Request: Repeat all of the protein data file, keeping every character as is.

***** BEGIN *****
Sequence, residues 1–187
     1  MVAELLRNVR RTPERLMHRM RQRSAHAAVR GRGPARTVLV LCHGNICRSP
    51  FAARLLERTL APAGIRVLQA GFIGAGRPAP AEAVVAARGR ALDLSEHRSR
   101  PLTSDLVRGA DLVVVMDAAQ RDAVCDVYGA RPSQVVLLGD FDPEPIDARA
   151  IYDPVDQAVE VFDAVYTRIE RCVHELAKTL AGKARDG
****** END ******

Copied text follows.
Sequence, residues 1–187
     1  MVAELLRNVR RTPERLMHRM RQRSAHAAVR GRGPARTVLV LCHGNICRSP
    51  FAARLLERTL APAGIRVLQA GFIGAGRPAP AEAVVAARGR ALDLSEHRSR
   101  PLTSDLVRGA DLVVVMDAAQ RDAVCDVYGA RPSQVVLLGD FDPEPIDARA
   151  IYDPVDQAVE VFDAVYTRIE RCVHELAKTL AGKARDG